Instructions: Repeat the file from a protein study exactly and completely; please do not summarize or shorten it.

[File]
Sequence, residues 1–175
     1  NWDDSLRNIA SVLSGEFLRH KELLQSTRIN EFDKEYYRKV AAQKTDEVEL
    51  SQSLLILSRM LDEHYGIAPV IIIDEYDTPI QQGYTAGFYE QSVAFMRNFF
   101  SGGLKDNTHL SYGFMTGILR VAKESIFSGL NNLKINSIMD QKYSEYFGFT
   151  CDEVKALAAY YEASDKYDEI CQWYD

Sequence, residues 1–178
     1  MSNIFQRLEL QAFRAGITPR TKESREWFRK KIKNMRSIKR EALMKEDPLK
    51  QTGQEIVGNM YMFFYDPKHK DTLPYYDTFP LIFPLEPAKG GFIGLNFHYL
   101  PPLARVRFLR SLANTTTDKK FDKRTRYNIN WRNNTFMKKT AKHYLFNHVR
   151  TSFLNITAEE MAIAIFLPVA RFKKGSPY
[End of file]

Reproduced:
Sequence, residues 1–175
     1  NWDDSLRNIA SVLSGEFLRH KELLQSTRIN EFDKEYYRKV AAQKTDEVEL
    51  SQSLLILSRM LDEHYGIAPV IIIDEYDTPI QQGYTAGFYE QSVAFMRNFF
   101  SGGLKDNTHL SYGFMTGILR VAKESIFSGL NNLKINSIMD QKYSEYFGFT
   151  CDEVKALAAY YEASDKYDEI CQWYD

Sequence, residues 1–178
     1  MSNIFQRLEL QAFRAGITPR TKESREWFRK KIKNMRSIKR EALMKEDPLK
    51  QTGQEIVGNM YMFFYDPKHK DTLPYYDTFP LIFPLEPAKG GFIGLNFHYL
   101  PPLARVRFLR SLANTTTDKK FDKRTRYNIN WRNNTFMKKT AKHYLFNHVR
   151  TSFLNITAEE MAIAIFLPVA RFKKGSPY